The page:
STEPPING DOWN: Longtime Los Angeles County Sheriff Lee Baca who has been under siege with FBI investigation and deputy misconduct will resign after 48 years, he announced on Tuesday, January 7.
After 48 years of service he steps down
Longtime Los Angeles County Sheriff Lee Baca who has been under siege with FBI investigation and deputy misconduct will resign after 48 years, he announced on Tuesday January 7.
Baca will leave the department at the end of January, he said.
Flanked by deputies, family and supporters, Baca made it official at Sheriff Department Headquarters.
``I've been proud and honored to serve the Los Angeles County Sheriff's Department and the people of this greatest of counties, Los Angeles County, for the past 48 years,'' Baca said, his voice occasionally cracking with emotion.
``I can't even imagine anyone working 48 years at anything, but I've done that, which has made this decision in my life probably the most difficult.''
Baca, 71, was first elected in 1998 and was facing a tough re-election campaign this year for his fifth term, including a challenge from one of his former deputies.
Baca denied that his decision to step down was prompted by the possibility of federal charges against him, but the looming allegations have brought about the darkest cloud during his tenure.
Eighteen current and former deputies were recently indicted on a variety of charges, including mistreating jail inmates.
``My decision is based on the highest of concern for the future of the sheriff's department,'' Baca said.
He said he was recommending that the Board of Supervisors appoint Assistant Sheriff Terri McDonald to oversee the department once he steps aside.
Baca had announced on January 6 that he would support a citizens' commission to oversee department operations.
He described the citizens' commission as ``consistent with my view on strengthening transparency and accountability.''
A local newspaper in December revealed that the department hired dozens of officers in 2010 despite evidence of significant misconduct found during their background checks.
Subsequently, Federal prosecutors filed charges against current and former deputies in December, accusing them of beating jail inmates and visitors and trying to intimidate an FBI agent.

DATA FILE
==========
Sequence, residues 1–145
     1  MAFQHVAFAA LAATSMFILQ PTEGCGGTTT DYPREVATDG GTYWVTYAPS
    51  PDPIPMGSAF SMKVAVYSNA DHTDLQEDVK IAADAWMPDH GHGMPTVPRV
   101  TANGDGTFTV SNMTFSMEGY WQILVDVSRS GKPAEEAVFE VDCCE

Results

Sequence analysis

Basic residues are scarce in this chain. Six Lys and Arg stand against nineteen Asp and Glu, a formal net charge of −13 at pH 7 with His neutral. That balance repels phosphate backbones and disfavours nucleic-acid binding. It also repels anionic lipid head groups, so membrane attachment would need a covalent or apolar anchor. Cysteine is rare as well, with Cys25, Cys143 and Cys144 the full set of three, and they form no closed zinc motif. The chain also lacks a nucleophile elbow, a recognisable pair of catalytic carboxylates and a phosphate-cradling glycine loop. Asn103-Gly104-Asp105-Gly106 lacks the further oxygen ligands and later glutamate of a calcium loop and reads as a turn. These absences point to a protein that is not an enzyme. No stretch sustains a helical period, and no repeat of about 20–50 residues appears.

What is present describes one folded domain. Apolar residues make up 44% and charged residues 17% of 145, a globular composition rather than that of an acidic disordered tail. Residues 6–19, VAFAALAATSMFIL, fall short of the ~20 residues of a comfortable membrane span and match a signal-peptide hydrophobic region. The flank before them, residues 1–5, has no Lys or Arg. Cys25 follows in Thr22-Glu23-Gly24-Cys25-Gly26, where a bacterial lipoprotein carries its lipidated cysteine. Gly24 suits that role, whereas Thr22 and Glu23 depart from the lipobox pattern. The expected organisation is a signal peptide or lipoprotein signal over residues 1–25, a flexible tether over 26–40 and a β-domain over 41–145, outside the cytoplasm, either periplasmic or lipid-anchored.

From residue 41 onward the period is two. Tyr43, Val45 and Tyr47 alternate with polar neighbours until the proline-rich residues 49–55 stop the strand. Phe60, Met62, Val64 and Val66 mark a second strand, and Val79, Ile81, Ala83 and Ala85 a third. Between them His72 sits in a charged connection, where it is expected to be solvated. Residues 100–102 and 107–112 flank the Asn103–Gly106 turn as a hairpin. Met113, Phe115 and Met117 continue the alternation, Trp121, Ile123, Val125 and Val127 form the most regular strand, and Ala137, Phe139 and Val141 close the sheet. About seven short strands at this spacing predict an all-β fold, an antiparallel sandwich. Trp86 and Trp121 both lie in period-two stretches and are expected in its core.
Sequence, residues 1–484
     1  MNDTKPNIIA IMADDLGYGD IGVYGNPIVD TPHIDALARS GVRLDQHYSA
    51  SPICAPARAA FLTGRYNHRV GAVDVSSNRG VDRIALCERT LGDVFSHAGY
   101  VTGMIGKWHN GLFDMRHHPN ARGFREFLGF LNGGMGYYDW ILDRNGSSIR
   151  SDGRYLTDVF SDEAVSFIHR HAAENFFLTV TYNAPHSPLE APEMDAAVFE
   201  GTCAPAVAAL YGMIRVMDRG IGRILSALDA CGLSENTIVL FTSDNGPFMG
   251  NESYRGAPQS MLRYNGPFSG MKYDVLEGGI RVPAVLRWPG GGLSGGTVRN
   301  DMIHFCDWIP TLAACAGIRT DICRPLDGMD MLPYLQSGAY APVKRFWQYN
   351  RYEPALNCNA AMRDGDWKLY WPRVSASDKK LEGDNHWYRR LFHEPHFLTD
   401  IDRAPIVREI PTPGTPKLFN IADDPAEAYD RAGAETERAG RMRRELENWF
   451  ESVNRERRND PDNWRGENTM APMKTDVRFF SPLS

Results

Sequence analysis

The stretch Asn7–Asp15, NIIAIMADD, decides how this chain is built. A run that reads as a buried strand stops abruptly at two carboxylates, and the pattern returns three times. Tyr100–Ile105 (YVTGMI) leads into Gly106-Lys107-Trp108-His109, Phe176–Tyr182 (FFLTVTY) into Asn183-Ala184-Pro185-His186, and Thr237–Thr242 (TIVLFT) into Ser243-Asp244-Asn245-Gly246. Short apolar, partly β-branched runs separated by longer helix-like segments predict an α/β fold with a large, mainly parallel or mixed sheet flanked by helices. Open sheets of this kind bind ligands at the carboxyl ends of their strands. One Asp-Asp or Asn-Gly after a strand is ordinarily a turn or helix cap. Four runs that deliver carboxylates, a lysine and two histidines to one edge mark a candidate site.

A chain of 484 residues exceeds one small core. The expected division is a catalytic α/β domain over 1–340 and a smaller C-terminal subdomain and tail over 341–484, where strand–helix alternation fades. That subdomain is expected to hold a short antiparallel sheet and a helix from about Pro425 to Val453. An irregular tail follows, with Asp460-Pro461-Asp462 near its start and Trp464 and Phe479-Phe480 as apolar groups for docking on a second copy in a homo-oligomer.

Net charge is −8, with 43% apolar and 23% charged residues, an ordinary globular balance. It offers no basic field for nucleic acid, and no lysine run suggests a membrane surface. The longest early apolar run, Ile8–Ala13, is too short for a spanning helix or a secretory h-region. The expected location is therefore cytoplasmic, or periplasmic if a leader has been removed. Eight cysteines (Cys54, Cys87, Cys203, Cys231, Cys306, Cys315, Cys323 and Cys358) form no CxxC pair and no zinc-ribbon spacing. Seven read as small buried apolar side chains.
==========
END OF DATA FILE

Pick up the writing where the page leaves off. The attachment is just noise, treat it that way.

The charges related to a long-standing corruption investigation of the jail system, which was administered by the sheriff's department.
The department is also facing civil lawsuits relating to the actions of some of the deputies charged with misconduct.
Additionally, the U.S. Justice Department last year accused sheriff's deputies of engaging in widespread unlawful searches of homes, improper detentions and unreasonable force as Antelope Valley authorities conducted an effort to discriminate against African Americans who received low-income subsidized housing.
However, Baca was considered as an advocate of the African American community, frequently implementing policies such as educational programs for inmates and launching the innovated Sheriff Clergy Council, hailed as a national model for law enforcement.
County Supervisor Board Chair Mark Ridley-Thomas said he spoke with Baca on January 6 and that the sheriff gave him ``no indication'' he was thinking of stepping down from his post. The supervisor said his feelings about Baca's decision were mixed.
``He's seen as one of the most enlightened law enforcement officials in the nation and I think in many ways he is,'' Ridley-Thomas said. ``Somewhat unpredictable, typically progressive, he tried his best to be responsive, so it's mixed. You can't deny the problems that are stalking the department.''
City Councilman Bernard Parks hailed Baca as ``a remarkable public servant for almost 50 years.''
``There are very few that get the opportunity to start at the entry level of an organization and eventually reach the top leadership position,'' Parks said. ``Sheriff Baca should be commended for his many achievements and personal sacrifice. I wish him well in retirement and he will soon find out there, but there is life after LASD.''
The Board of Supervisors will need to appoint a successor to Baca, and staffers are researching the requirements for the post.
Ridley-Thomas said the list of potential appointees would include all the assistant sheriffs, adding Assistant Sheriff Cecil Rhambo's name to the speculation. But the supervisor said he wasn't ready to comment on the campaign.
Four challengers are declared to run for the post in a primary election on June 3, and a potential general election on Nov.4.